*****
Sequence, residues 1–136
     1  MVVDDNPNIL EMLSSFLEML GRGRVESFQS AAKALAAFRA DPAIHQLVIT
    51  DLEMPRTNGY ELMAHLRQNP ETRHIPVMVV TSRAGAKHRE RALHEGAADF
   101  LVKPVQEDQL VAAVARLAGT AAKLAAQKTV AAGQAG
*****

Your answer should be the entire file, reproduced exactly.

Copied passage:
Sequence, residues 1–136
     1  MVVDDNPNIL EMLSSFLEML GRGRVESFQS AAKALAAFRA DPAIHQLVIT
    51  DLEMPRTNGY ELMAHLRQNP ETRHIPVMVV TSRAGAKHRE RALHEGAADF
   101  LVKPVQEDQL VAAVARLAGT AAKLAAQKTV AAGQAG